An exercise on linear sequences including finding an expression for the nth term and the sum of n terms.
This is level 1: find the next term of these linear sequences. You can earn a trophy if you get at least 7 questions correct and you do this activity online.
Try your best to answer the questions above. Type your answers into the boxes provided leaving no spaces. As you work through the exercise regularly click the "check" button. If you have any wrong answers, do your best to do corrections but if there is anything you don't understand, please ask your teacher for help.
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Matchsticks - A beginner's exercise that lets you see how a sequence is structured.
Level 1 - Find the next term of these linear sequences
Level 2 - Find the nth term of these linear sequences
Level 3 - Find a given term of these linear sequences
Level 4 - Mixed questions about linear sequences and their sums
Missing Terms - Find the missing terms of arithmetic, geometric and Fibonacci-type sequences in this self marking quiz.
Exam Style questions are in the style of GCSE or IB/A-level exam paper questions and worked solutions are available for Transum subscribers.
Geometric Sequences - A similar exercise on geometric sequences.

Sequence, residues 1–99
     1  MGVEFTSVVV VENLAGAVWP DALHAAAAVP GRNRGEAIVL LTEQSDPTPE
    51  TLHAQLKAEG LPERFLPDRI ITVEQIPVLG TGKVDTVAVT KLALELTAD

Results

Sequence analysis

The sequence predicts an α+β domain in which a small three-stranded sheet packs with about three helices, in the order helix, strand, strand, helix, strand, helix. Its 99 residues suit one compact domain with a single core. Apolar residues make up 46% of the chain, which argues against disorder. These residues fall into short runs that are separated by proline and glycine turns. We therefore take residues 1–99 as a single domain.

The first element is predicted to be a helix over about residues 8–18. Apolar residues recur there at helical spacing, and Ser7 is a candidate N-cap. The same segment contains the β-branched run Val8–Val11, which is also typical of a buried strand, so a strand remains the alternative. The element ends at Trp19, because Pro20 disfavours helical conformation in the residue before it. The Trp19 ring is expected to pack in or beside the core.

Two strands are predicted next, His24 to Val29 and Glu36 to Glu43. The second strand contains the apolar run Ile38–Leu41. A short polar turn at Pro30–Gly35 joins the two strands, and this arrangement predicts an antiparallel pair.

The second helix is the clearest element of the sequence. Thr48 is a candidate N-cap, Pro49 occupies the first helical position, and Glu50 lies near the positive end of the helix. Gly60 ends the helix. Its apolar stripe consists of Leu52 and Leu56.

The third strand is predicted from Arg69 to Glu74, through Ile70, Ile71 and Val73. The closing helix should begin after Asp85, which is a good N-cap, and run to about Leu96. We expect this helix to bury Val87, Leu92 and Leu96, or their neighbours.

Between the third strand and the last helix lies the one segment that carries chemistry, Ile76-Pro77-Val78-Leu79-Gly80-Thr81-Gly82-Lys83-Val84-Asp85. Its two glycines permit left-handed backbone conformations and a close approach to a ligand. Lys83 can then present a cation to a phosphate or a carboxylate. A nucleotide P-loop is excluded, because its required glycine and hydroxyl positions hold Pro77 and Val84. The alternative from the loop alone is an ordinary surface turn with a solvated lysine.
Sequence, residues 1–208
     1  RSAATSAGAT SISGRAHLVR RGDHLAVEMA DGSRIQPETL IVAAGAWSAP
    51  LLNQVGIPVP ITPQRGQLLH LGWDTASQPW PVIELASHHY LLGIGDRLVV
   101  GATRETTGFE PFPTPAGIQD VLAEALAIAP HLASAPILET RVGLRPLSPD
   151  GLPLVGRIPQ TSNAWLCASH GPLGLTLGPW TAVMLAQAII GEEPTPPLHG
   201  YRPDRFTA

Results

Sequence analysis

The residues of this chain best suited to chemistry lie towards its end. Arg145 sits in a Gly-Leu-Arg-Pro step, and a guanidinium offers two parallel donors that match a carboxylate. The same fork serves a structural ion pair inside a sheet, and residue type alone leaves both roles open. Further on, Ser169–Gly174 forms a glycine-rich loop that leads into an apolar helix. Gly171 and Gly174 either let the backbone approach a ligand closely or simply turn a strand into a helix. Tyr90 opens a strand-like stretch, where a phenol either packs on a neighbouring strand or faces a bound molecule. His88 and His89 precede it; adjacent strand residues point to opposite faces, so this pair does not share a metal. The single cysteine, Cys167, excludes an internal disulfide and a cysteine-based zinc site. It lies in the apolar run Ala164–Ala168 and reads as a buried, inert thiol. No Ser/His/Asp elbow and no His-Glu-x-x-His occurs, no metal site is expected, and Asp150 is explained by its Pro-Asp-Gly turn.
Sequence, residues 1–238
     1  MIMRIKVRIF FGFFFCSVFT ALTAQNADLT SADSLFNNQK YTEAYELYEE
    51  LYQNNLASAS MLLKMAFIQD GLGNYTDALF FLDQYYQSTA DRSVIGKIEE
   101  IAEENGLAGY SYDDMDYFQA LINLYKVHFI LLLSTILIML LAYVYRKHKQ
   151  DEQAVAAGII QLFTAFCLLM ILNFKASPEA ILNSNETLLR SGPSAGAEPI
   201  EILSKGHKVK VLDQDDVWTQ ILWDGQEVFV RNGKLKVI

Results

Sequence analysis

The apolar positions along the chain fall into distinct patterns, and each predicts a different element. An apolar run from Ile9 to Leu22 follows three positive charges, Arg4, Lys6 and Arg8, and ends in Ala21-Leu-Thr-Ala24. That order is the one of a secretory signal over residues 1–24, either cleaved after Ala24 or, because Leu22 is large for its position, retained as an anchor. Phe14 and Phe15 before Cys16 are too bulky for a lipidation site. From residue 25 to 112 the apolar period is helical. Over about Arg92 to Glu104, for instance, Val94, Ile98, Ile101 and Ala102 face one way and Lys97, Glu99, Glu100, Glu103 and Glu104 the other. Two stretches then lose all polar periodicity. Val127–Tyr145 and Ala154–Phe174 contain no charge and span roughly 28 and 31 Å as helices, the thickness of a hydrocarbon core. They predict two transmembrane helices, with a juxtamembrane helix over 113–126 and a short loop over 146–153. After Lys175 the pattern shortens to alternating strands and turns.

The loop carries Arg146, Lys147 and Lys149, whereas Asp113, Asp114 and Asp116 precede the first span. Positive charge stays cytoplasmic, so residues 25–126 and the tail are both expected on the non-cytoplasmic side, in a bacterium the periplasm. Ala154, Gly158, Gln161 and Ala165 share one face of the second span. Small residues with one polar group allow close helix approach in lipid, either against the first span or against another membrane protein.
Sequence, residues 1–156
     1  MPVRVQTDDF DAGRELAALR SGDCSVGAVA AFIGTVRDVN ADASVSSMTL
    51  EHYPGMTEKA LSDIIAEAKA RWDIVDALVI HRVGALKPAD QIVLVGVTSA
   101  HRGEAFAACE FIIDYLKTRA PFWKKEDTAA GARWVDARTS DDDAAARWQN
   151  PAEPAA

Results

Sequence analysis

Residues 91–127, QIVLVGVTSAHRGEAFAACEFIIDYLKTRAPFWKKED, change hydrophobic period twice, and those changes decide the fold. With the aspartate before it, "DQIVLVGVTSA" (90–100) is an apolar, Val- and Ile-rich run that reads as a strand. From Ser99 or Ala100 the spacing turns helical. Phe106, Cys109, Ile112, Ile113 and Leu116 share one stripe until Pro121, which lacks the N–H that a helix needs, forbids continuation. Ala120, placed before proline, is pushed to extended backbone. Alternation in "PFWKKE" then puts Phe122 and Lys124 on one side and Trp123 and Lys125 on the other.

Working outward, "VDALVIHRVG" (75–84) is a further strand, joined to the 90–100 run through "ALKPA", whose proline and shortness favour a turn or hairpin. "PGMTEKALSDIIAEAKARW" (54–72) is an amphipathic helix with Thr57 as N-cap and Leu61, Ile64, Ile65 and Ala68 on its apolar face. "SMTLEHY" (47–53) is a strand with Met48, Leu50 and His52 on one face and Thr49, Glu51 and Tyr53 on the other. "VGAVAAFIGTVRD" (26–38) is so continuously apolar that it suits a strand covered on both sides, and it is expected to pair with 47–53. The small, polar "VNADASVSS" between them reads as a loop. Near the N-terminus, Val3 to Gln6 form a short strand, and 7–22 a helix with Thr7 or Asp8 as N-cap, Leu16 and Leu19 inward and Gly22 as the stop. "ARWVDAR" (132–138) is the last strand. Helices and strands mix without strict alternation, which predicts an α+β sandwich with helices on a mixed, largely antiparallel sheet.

More on this topic including lesson Starters, visual aids and investigations.
See the National Curriculum page for links to related online activities and resources.
Here is a reminder of some facts that may help you answering the questions in this exercise.
An arithmetic sequence, sometimes called an arithmetic progression, is a sequence of numbers such that the difference between the consecutive terms is constant. For instance, the sequence 8, 11, 14, 17, 20, 23, . . . is an arithmetic sequence with common difference of 3.
The first term of the sequence can be written as u1
The nth term of the sequence can be written as un
The common difference is usually written as d
The formula for finding the nth term is un=u1+(n-1)d
The formula for finding the sum of n terms is Sn=½n(2u1+(n-1)d)
The excellent video above is from Corbettmaths.
Don't wait until you have finished the exercise before you click on the 'Check' button. Click it often as you work through the questions to see if you are answering them correctly. You can double-click the 'Check' button to make it float at the bottom of your screen.